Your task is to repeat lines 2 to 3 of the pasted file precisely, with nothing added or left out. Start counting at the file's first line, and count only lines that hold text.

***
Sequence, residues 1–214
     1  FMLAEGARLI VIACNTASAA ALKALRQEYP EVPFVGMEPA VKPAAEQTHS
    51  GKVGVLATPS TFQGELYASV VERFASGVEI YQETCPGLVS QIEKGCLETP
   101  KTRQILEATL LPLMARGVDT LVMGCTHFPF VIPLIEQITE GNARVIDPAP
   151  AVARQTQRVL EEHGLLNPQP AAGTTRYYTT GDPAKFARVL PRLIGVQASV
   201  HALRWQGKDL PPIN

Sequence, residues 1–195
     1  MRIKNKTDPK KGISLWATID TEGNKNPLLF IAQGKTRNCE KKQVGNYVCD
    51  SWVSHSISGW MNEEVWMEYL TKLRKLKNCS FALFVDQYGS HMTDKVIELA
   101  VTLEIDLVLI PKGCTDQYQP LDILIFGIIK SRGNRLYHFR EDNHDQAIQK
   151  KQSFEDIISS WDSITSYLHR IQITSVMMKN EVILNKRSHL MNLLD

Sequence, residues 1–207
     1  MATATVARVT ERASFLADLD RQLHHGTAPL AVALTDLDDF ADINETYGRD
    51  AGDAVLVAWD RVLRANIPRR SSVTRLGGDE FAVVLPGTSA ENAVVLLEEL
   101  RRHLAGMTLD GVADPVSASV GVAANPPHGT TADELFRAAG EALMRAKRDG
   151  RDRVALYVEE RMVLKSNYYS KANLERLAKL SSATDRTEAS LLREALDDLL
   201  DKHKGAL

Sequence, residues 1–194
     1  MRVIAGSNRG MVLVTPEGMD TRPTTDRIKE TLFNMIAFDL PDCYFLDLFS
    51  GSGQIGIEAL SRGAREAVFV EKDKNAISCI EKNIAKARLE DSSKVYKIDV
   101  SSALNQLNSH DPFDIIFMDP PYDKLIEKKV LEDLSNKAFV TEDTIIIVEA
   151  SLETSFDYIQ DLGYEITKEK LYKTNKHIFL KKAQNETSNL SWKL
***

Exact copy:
     1  FMLAEGARLI VIACNTASAA ALKALRQEYP EVPFVGMEPA VKPAAEQTHS
    51  GKVGVLATPS TFQGELYASV VERFASGVEI YQETCPGLVS QIEKGCLETP